Sunday, May 03, 2009
Found in Translation
I love sloppy reinterpretations; the 1930s as portrayed by the 1970s, Victoriana in the 80s, kitsch by conservative knitters, dance wear right now, environmentalism...
The Japanese are crowned princes at clever and slightly blind reinterpretation, as evidenced by their fascination with doilies. In their slightly off-kilter, anachronistic take on western crochet, they are often closer to the mark than our western memories are.
The best 'West as triumphed by the East' books are published by Ondori. I am working from their book "Crochet Lace". PM me for details.
The book is beautiful and contains many different styles; pineapples, filet, spirals, beading. There are doilies with a patina look, and many crisp white choices. What I really admire is that starching seams to be kept to a minimum. I also like the idea of having to protect martinis from bugs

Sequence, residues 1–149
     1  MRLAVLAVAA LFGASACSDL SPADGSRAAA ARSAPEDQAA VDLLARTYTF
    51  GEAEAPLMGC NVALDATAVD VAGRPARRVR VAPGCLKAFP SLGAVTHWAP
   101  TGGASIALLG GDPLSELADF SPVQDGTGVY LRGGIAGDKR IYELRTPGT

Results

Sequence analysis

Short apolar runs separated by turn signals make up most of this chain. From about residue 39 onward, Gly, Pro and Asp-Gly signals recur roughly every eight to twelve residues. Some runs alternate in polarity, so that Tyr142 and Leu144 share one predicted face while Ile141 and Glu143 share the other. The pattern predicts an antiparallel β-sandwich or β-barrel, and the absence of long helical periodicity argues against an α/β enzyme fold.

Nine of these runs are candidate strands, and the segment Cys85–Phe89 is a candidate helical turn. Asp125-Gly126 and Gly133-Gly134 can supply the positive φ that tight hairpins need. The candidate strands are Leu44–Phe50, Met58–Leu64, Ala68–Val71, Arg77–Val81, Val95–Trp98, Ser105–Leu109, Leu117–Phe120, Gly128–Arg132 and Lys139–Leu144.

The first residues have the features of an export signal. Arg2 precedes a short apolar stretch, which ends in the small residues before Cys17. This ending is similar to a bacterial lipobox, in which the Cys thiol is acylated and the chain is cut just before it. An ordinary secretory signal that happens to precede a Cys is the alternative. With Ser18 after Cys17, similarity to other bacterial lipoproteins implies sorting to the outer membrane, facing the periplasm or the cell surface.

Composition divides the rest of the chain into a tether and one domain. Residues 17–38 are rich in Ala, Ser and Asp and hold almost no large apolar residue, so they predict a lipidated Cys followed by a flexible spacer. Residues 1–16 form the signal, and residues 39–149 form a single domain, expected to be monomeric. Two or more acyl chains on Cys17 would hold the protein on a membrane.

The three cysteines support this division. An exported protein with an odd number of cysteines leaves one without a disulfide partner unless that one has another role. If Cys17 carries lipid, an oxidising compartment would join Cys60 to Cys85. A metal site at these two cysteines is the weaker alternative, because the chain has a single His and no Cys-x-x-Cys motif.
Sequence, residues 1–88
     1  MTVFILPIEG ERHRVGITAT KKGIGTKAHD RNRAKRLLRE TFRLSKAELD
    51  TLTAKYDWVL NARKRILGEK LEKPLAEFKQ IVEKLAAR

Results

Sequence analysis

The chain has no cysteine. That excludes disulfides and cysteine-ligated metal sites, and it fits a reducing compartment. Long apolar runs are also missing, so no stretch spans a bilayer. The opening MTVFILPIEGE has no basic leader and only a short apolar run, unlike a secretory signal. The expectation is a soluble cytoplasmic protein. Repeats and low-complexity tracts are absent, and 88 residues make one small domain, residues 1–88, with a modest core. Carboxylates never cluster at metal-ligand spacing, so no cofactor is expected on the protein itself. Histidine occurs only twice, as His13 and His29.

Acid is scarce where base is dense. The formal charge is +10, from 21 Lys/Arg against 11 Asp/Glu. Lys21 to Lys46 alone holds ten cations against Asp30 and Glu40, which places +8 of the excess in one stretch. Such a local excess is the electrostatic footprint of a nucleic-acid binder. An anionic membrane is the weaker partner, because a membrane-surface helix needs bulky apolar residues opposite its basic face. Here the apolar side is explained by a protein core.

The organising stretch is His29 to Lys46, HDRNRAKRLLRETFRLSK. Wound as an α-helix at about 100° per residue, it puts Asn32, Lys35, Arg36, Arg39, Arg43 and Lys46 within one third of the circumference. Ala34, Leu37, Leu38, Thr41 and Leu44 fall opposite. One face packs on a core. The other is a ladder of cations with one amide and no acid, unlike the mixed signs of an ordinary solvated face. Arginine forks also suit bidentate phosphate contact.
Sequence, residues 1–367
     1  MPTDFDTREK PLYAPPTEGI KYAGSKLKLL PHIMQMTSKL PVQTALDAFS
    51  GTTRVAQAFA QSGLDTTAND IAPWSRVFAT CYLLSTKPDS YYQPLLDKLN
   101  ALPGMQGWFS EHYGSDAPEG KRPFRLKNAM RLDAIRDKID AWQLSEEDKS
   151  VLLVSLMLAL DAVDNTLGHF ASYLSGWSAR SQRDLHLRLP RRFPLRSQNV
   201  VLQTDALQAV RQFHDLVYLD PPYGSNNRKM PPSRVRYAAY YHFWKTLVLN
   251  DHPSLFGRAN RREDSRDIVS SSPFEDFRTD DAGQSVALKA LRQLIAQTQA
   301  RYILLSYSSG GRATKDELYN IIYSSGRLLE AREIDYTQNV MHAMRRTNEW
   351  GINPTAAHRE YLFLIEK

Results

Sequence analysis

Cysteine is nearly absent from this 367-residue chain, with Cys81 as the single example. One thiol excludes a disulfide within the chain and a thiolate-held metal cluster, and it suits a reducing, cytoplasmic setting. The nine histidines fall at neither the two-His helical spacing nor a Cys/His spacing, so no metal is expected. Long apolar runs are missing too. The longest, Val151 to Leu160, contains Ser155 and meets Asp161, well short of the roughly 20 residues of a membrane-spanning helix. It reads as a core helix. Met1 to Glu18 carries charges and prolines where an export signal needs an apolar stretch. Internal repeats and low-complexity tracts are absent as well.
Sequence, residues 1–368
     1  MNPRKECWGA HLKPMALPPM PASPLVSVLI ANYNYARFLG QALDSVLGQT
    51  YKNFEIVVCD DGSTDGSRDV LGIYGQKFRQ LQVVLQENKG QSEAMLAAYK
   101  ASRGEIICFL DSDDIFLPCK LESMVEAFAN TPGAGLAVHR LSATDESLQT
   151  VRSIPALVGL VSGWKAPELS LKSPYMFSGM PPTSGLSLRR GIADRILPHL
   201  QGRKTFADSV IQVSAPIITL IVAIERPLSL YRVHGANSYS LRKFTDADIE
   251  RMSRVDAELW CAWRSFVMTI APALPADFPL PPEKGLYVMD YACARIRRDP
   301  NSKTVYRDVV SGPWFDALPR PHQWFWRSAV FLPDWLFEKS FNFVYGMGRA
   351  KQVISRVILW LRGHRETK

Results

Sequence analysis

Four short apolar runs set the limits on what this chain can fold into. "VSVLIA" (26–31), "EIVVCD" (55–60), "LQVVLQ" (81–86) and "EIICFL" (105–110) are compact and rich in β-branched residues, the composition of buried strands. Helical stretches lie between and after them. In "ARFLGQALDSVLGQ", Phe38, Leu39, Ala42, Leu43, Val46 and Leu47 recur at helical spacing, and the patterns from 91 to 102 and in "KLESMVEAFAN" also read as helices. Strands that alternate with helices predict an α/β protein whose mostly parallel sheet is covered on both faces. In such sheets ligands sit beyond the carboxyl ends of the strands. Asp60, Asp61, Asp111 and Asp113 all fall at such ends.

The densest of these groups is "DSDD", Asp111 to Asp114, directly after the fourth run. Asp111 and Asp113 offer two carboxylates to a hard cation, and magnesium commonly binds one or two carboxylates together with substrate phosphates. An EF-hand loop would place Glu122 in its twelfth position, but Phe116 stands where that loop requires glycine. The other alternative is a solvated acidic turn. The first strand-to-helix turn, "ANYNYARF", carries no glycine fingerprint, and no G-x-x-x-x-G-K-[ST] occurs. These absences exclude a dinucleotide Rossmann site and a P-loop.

Japanese crochet books work with charts, as opposed to row by row written instructions (else I would need a translation). I am a bit of a convert. I am starting to think that all crochet instruction should be written this way. Pattern language is usually the stumbling block for the beginners and often trips us up in my crochet workshops.
I worked my bugstopper with No.10 Crochet Cotton. I used a 1.65mm hook and a collapsible eye needle to string on the beads. For those readers in Halifax, DeSerres sells sets of these needles and they are great. A tip for buying beads? Take your cotton or yarn with you to the store! Brilliant, I know.